Only the film’s star, Jessica Chastain, has an uncanny sense of the courier info as vital, and she spends the rest of a hideously long movie overriding everyone else’s reasonable objections as she pursues what amounts to a wild hunch. Like so many Hollywood protagonists, she turns out to be magically right about everything. and like so many action-adventure narratives, the whole operation’s an amazing, unrepeatable fluke.

On the other hand—how many hands is that now?—there’s no question that the CIA characters in the film think torture works: “Sooner or later everybody breaks—it’s biology, bro!” They lament the Obama ban that supposedly puts an end to their favorite means of attaining info.

Some Say that’s okay, because we’re not supposed to like the three main CIA agents played by lead actors Jessica Chastain, Jennifer Ehle, and Jason Clarke, especially not when they’re waterboarding people, so no harm done to susceptible audiences who believe what likeable characters tell them.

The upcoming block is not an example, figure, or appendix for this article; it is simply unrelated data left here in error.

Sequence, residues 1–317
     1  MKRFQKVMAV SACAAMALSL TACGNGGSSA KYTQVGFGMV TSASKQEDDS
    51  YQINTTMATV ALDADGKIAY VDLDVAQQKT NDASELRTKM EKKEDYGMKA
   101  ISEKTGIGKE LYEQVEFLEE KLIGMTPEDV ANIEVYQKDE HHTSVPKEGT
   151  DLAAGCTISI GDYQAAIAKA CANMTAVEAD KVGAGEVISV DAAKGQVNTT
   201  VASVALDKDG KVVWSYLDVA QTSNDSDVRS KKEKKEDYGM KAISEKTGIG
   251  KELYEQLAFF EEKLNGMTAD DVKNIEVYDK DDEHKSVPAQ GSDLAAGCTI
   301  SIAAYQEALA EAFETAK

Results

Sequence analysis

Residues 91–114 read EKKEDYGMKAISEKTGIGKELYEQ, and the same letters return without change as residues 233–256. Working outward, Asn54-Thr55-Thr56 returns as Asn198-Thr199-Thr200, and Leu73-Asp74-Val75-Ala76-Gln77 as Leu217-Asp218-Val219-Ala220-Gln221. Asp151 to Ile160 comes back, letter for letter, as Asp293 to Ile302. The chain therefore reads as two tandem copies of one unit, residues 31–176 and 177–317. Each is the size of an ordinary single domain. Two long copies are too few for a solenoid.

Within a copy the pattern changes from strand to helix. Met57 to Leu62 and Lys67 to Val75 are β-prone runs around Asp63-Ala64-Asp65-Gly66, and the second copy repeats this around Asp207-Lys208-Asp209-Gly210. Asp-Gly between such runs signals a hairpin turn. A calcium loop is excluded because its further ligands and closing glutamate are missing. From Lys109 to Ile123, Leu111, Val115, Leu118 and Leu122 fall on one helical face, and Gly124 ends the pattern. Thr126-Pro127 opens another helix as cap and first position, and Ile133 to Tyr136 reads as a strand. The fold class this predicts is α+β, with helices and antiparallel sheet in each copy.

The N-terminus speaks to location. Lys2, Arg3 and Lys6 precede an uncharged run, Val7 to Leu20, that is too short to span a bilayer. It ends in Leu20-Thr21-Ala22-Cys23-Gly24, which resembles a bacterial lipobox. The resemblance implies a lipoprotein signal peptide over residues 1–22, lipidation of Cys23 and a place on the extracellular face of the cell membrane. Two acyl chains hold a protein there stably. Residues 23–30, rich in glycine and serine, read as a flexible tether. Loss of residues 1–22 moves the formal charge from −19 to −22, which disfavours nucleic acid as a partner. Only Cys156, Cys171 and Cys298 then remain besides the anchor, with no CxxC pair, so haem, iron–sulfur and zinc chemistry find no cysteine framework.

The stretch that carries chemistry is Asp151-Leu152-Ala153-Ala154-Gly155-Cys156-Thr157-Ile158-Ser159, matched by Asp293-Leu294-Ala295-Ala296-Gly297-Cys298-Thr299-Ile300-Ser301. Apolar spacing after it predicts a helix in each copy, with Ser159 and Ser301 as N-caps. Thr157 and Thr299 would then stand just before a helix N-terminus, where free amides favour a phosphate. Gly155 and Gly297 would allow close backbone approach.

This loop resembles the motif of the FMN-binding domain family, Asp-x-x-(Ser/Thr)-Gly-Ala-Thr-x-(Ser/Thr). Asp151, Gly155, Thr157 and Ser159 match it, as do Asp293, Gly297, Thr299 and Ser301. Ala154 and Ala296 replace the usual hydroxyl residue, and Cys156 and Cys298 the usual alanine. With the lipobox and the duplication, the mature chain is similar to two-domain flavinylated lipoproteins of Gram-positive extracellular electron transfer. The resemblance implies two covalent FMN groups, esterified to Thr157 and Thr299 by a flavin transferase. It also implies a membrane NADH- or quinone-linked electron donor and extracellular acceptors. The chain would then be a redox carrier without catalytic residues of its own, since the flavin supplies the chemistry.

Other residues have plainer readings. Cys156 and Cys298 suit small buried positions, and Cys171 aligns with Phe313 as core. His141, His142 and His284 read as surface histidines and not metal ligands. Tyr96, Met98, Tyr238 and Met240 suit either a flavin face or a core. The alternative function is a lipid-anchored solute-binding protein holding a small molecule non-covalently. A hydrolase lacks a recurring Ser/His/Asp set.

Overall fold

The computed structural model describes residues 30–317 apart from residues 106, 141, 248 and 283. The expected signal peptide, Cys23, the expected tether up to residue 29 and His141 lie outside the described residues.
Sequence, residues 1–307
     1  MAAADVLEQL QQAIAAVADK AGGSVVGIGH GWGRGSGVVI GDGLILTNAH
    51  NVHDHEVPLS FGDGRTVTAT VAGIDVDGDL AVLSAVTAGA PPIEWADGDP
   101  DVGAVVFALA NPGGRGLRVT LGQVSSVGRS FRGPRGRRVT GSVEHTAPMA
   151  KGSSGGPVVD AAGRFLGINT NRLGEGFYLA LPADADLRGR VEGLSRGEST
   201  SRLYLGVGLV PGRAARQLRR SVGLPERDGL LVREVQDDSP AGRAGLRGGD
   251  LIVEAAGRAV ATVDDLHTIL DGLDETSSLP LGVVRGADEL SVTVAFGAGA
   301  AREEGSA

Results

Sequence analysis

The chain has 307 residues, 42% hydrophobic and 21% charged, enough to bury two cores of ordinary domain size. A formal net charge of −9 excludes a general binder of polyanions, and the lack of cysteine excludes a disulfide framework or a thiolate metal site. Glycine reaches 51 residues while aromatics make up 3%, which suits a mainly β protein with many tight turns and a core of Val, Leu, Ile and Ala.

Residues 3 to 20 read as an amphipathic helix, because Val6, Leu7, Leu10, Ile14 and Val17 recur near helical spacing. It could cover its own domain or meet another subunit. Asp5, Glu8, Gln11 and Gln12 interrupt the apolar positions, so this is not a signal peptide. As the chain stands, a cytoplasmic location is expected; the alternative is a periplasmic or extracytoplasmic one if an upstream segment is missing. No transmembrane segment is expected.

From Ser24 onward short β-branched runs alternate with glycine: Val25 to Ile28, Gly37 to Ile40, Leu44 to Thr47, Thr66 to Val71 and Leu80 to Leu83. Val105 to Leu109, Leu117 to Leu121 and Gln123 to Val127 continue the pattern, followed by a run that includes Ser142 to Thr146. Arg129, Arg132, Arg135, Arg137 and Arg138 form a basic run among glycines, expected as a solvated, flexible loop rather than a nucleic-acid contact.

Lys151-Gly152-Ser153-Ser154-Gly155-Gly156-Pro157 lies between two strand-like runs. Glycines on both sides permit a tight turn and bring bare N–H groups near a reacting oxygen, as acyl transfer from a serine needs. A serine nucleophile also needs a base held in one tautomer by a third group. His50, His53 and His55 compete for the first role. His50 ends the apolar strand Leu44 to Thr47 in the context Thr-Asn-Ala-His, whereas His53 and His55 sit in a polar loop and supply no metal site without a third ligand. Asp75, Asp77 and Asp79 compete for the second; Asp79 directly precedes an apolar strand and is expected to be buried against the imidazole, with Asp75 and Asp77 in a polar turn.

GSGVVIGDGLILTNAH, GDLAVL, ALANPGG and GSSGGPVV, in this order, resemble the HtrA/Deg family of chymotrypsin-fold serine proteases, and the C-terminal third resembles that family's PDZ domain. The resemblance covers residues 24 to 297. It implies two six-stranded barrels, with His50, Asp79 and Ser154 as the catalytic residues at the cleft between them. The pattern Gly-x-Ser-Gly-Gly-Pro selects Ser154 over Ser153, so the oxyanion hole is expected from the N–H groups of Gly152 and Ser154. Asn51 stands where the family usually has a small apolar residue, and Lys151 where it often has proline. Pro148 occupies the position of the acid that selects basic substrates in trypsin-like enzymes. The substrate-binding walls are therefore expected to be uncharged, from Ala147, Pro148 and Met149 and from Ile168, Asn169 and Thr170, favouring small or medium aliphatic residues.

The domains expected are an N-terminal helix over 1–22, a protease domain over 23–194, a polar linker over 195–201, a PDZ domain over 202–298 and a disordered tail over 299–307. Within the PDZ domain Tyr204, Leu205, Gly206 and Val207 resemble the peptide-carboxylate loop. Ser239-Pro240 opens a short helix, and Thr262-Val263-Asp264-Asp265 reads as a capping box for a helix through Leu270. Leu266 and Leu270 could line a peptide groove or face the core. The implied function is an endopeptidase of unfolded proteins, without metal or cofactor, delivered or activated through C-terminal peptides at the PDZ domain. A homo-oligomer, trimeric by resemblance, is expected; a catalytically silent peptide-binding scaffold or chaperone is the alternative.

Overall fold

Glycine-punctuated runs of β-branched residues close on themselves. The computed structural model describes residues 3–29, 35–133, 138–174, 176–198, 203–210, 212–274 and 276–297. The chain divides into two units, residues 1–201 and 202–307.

But then, Some Say a lot of crazy shit.

The movie was built to function with a CIA protagonist plus two sidekicks who are there to be identified with — and by and large, the Hollywood system of movie-making works. (Unlike torture, MaybeMaybeNotPossibly?) That is, for the purposes of enjoying a movie that hasn’t actively repulsed you from the start and caused you to opt out and start mocking it, you align yourself emotionally with the protagonist(s) and against the antagonist(s) in order to get the full effect of the suspense or the laughs or whatever. That’s how it operates.